By Marie Zhuikov
Wisconsin’s first-ever full-time postgraduate Water Resources Policy Fellow is wrapping up his work to help water quality managers assess and protect water quality across the state. Alex Latzka worked side-by-side this past year with Wisconsin Department of Natural Resources (DNR) professionals to study and model the amount of sediment (total suspended solids) in streams.
Latzka and colleagues with the DNR developed a computer model that predicted daily sediment loads in streams based mostly on upstream land use and daily precipitation. To make the model more useful for regional and county biologists who manage stream water quality, he developed tools that allow them to view and interpret the model’s findings for specific streams.
Latzka’s fellowship was funded equally by the DNR and the University of Wisconsin Water Resources Institute. The goal was to allow a recent postgraduate to apply their newly minted skills toward real-world science policy challenges. During the fellowship, Latzka was able to add to the knowledge he gained during his Ph.D. studies in freshwater and marine sciences from the University of Wisconsin-Madison’s Center for Limnology.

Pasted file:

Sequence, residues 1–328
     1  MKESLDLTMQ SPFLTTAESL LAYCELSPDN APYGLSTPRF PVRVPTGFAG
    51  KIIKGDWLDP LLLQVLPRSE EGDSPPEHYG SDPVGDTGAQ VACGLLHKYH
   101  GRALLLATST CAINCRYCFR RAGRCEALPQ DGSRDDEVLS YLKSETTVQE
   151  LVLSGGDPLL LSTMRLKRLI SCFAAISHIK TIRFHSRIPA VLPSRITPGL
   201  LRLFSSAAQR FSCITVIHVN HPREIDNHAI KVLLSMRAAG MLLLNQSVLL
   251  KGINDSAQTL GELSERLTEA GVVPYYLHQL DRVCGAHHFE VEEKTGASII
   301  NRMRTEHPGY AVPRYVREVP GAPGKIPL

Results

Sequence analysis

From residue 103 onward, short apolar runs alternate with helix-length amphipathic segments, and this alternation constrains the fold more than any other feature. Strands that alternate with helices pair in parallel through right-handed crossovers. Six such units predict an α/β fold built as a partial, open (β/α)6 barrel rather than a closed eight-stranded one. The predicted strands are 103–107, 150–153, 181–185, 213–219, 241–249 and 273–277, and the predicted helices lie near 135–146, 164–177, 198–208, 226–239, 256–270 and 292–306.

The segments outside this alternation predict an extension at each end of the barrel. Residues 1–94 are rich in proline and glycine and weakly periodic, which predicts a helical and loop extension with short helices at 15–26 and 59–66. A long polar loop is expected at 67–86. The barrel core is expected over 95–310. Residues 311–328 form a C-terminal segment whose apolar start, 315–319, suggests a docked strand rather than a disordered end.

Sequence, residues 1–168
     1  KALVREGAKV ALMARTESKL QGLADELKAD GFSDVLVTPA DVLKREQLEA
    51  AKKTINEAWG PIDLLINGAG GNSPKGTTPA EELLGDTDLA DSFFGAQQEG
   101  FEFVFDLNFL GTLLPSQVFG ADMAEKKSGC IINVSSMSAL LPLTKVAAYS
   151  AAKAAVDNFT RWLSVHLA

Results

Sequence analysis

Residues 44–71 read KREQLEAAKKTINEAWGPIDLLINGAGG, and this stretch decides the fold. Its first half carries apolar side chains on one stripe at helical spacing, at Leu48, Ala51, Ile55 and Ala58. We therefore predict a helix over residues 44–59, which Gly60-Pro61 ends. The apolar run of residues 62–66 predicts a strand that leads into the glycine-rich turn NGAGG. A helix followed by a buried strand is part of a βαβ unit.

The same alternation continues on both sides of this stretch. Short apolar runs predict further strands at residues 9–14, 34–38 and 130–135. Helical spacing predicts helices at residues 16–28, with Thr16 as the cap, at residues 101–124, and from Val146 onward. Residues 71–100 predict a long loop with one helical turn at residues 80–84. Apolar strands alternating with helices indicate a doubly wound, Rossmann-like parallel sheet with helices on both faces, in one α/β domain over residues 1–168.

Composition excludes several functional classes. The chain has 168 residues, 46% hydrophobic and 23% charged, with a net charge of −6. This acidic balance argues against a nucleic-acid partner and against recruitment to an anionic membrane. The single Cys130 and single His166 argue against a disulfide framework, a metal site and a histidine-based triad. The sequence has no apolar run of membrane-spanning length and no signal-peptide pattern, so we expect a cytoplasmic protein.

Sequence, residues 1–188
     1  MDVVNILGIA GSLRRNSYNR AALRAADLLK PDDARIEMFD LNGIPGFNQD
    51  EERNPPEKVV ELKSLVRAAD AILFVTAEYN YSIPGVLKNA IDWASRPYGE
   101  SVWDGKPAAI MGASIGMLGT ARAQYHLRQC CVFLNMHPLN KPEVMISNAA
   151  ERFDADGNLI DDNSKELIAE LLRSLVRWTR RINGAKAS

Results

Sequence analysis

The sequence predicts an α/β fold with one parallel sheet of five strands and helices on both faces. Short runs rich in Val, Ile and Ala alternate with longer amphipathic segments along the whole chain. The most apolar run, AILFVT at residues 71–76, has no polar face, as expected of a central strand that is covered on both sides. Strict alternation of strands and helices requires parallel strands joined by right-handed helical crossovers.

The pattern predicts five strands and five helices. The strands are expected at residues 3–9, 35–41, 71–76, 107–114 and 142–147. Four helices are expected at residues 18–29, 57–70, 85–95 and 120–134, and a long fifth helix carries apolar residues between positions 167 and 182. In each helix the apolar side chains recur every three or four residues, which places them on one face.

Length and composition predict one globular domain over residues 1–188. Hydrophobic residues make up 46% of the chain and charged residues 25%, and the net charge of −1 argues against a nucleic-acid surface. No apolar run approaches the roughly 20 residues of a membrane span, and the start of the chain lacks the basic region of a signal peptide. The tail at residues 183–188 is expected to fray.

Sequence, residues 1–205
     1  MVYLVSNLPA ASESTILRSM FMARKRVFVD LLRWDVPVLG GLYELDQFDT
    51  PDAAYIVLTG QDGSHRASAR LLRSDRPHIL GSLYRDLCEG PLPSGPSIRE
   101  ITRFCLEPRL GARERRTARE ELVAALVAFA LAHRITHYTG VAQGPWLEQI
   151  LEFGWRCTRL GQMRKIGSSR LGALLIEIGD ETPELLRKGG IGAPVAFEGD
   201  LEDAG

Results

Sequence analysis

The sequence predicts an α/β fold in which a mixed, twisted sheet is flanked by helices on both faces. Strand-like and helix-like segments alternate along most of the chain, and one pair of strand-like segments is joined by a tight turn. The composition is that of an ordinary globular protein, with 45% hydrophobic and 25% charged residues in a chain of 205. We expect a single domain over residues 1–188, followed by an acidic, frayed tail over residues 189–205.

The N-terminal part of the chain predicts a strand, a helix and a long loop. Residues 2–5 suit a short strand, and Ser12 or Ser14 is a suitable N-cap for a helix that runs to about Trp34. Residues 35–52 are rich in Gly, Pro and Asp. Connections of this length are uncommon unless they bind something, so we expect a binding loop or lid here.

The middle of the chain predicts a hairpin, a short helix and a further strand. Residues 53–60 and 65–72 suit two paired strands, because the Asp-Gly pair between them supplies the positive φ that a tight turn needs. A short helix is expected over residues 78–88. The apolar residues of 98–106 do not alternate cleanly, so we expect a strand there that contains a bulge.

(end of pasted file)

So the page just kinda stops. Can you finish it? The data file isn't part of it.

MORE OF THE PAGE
“Working with the DNR staff for this fellowship was an outstanding, mutually beneficial experience,” Latzka said. “I was able to bring some skills and devote time to an area of need for the DNR, while learning the institutional processes behind resource management for the state.”
Latzka also said the experience prepared him for his new position as a full-time database specialist in the DNR’s Fisheries Management Bureau, where he is developing similar tools to those he worked on during his fellowship.
“This project led not only to workforce professional development, but to cutting-edge modeling and innovative technologies aimed directly at the needs of water resource managers,” said Jennifer Hauxwell, Wisconsin Sea Grant assistant director for research and student engagement. “The results and tools that Alex has developed will help decision-makers identify streams that need water-quality improvements and assess the impacts of their efforts. They will go a long way in allowing for better water-quality management across the state.”
For additional information about the tools or the fellowship, contact Latzka at Alexander.Latzka@wisconsin.gov.